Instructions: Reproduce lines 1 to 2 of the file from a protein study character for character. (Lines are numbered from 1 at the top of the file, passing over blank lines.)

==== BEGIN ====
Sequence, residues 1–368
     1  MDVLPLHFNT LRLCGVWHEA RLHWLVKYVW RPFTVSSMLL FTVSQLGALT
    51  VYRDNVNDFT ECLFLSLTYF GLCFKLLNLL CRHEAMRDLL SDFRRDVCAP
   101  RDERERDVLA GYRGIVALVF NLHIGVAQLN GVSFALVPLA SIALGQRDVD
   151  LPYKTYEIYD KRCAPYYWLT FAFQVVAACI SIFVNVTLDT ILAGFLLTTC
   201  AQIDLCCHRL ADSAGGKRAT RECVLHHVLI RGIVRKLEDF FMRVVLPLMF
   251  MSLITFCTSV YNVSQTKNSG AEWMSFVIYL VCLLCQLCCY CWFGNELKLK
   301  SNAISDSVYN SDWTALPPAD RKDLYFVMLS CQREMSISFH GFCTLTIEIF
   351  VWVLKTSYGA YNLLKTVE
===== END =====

Sequence, residues 1–368
     1  MDVLPLHFNT LRLCGVWHEA RLHWLVKYVW RPFTVSSMLL FTVSQLGALT